The decision to return home and continue his NHL career wasn't an easy one for Matt Cullen. But ultimately, it ended up being the right one.
Cullen, a Virginia, Minn. native and Moorhead resident, signed a one-year deal with the Wild on Wednesday worth $1 million with another $700,000 worth of incentives possible. The 40-year old Cullen has been a revelation for the Pittsburgh Penguins, helping them to back-to-back Stanley Cup championships. With that in mind, it would have been understandable if Cullen decided to ride off into the sunset, his day with the Cup approaching later this month.
Instead, the former St. Cloud State Husky decided to try for a personal championship three-peat, this time with his hometown club.
"I was really pleased with how I felt in the playoffs and through the Finals, I was really happy with how my body responded to a couple weeks off after the season," Cullen said. "I think that was a big part of the reason why I felt I could play again."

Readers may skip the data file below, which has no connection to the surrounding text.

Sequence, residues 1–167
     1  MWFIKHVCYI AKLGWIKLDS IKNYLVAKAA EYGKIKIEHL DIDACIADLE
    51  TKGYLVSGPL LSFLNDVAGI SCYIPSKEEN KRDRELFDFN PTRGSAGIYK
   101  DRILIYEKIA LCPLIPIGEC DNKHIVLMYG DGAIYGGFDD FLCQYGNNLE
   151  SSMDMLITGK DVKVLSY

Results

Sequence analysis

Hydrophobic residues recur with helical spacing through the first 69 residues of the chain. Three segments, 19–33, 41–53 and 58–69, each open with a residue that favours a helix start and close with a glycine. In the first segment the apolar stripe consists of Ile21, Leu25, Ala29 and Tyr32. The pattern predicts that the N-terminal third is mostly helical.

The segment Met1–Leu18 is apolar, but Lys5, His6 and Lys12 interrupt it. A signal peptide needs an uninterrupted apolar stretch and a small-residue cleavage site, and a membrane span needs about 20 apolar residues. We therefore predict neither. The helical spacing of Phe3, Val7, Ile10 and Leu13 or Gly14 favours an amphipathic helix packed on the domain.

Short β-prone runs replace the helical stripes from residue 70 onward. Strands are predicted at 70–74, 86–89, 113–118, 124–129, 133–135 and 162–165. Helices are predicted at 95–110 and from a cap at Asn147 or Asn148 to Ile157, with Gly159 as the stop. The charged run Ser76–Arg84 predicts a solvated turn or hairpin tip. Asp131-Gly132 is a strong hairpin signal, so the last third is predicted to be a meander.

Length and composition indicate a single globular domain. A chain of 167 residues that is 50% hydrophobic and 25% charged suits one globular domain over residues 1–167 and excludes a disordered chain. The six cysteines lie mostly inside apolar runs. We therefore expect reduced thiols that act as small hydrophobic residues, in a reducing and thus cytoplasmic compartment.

After deciding that he could still play at a high level, Cullen needed to decide where that would take place.
He's developed a special relationship with Penguins General Manager Jim Rutherford over the years, the same man who brought him to Carolina more than a decade ago. Ready to hang up the skates two summers ago after a two-year stint with the Nashville Predators, Rutherford called again, this time bringing Cullen to Pittsburgh.
Two Stanley Cups later, the decision to keep playing couldn't have worked out any better. But eventually, the draw of family -- specifically his wife Bridget and sons Brooks, 9, Wyatt, 7, and Joey, 6 -- won out over a return to western Pennsylvania.
"It's hard to say goodbye, but at age 40, it's time to let the kids plant some roots and settle down at home because, as you go through a long career, the kids give up a lot in order to allow you to play," said Cullen. "At a certain point here, it becomes more important to be fair to them, too. It's a great scenario that I can continue to play in the NHL and be home. It's an organization I'm really comfortable with and happy to be a part of.